Koch Vision and BBC presents "TERRY JONES' BARBARIANS" (2007) (205 mins/Color) (Dolby Digital) ---Terry Jones' Barbarians is a 4-part TV documentary series first broadcast on BBC 2 in 2006 --- It was presented and written by ex-Python Terry Jones, challenging the received Roman and Roman Catholic notion of the barbarian --- It could be compared to his earlier series Terry Jones' Medieval Lives in that it questions aspects of history that everyone takes for granted --- So you think you know everything about the Romans? They gave us sophisticated road systems, chariots and the modern-day calendar --- And of course they had to contend with barbarian hordes who continually threatened the peace, safety and prosperity of their Empire. Didn't they?

Terence Graham Parry Jones (born 1 February 1942) is a Welsh comedian, screenwriter and actor, film director, children's author, popular historian, political commentator and TV documentary host --- He is best known as a member of the Monty Python comedy team --- As a member of the Monty Python troupe, Jones is remembered for his roles as middle-aged women and the bowler-hatted "man in the street" --- He typically wrote sketches in partnership with Palin.

EPISODES ARE AS FOLLOWS:
THE PRIMITIVE CELTS (First broadcast 26th May 2006)
1. Celtic Barbarians
2. Caesar's Gallic Wars

THE SAVAGE GOTHS (First broadcast 2nd June 2006)
1. Arminius
2. Dacian Wars
3. Alaric I's sack of Rome

THE BRAINY BARBARIANS (First broadcast 9th June 2006)
Jones argues that the ancient Greeks and Persians were in reality far from the Roman view of them as effeminate and addicted to luxury.
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Format: DVD Verified Purchase
So you think all that barbarians did was "slay, burn, plunder!"? Well, yes, they did their share of it, but there are also other facts about them that Terry Jones delivers with dry humor and enthusiasm. I watched both videos on the same day and couldn't get away from them! Recommended for history buff and anyone else who is curious about those fascinating people.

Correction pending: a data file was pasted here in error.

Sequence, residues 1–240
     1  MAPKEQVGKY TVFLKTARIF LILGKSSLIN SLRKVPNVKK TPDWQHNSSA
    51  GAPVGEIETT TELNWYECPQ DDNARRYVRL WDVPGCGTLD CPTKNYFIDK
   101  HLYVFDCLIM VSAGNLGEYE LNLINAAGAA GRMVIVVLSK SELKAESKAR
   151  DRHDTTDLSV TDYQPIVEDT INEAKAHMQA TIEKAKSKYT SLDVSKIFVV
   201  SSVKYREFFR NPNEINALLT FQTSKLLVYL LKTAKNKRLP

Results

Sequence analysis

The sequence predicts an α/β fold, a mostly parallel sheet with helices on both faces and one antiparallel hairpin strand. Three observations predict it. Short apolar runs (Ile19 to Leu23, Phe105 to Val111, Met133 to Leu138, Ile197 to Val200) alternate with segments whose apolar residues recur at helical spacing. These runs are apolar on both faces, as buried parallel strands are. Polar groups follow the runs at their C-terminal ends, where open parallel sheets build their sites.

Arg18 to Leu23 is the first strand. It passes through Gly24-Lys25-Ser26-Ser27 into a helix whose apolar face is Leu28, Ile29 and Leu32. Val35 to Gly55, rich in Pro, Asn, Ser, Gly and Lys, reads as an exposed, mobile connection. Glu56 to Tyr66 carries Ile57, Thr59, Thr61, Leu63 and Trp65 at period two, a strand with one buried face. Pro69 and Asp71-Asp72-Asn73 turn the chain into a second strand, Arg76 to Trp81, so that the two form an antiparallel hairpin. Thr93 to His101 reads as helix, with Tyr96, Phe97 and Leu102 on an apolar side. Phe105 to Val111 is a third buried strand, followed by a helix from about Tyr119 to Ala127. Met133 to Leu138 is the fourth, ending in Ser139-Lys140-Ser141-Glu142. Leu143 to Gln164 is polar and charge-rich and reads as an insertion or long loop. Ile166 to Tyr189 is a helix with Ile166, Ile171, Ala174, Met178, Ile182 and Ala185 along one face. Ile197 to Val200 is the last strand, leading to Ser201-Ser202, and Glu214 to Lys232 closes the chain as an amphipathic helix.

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Mr. Jones is to be congratuated for a fun, interesting & breezy history lesson about some of the myths about the Folks who finally knocked off the Roman Empire. Altogether its a good introduction about an interesting period of History.
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Terry Jones has a talent for presenting information about European History in an entertaining way, without getting silly. In Barbarians, he exercises this talent more than he did with Medieval Lives. I can recommend this to both High School World History classes and surveys for college.
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Terry Jones adds humor to history lessons. I learned a great deal from this DVD, so I plan on getting more of his documentaries. There is nothing boring and things move along. Very informative and interesting. I recommend this to history fans, and Terry Jones fans.
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The companion book of this series is quite necessary to have more details and clarification. Because, let's face it, it was a really confusing time. The DVD is a must have to visualize all what is said in the book (the Celtic wooden roads or the Trajan's column...).

Maybe not as funny as Medieval lives, by the same authors (Terry Jones and Alan Ereira) but still a very interesting way of telling History.

I confirm that this DVD is indeed Region 1, and the only edition available, which is a strange thing since it's an Oxford film and television production. Maybe there's no market in Europe. Why not a region free DVD? Who knows?